The work activities workers rate as most important are shown below.
Using information to work out the best solution and solve problems.
Looking for, getting and understanding different kinds of information.
Giving information to supervisors, co-workers, and staff by telephone, in written form, e-mail, or in person.
Using computers and computer systems (including hardware and software) to program, write software, set up functions, enter data, or process information.
Deciding whether events or processes comply with laws, regulations, or standards.
The physical and social demands workers face most often are shown below.
How often do you use electronic mail?
How often do you talk on the telephone?
How often do you talk with people face-to-face?
How important is being very exact or highly accurate?
How much do you have contact with people (face-to-face, by telephone, or any other way)?
Work values are important to a person’s feeling of satisfaction. All six values are shown below.
Work alone and make decisions. Workers are able to try out their own ideas, make decisions on their own, and work with little or no supervision.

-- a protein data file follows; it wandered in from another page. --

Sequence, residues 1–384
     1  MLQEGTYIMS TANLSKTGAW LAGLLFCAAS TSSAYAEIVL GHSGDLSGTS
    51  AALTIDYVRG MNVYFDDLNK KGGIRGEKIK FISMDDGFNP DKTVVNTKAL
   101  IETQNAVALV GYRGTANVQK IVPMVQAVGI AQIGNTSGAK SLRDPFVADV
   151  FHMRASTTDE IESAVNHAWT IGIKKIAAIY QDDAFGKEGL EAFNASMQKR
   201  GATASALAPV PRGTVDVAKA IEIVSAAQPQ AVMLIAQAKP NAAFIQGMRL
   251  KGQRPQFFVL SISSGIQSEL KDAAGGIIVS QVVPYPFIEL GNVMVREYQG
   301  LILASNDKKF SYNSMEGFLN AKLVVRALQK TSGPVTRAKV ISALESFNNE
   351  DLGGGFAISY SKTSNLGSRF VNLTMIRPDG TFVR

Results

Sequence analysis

Job security and good working conditions. There is usually a steady flow of interesting work, and the pay and conditions are generally good.
Results oriented. Workers are able to use their strongest abilities, giving them a feeling of accomplishment.
Advancement and the potential to lead. Workers are recognised for the work that they do, they may give directions and instructions to others, and they are looked up to in their company and their community.
Supportive management that stands behind employees. Workers are treated fairly by their company, they are supported by management, and have supervisors who train them well.
Serve and work with others. Workers usually get along well with each other, do things to help other people, and are rarely pressured to do things that go against their sense of right and wrong.
Interests are the style or type of work we prefer to do. All interest areas are shown below.
Practical, hands-on work. Often with plants, animals, and materials like wood, tools, and machinery.
Ideas and thinking. Searching for facts and figuring out problems in your head.
Following set procedures and routines. Working with numbers and details more than with ideas, usually following rules.
Working with forms, designs and patterns. Often need self-expression and can be done without following rules.
Starting up and carrying out projects. Leading people and making many decisions. Sometimes require risk taking and often deal with business.
Working with people. Helping or providing service to others.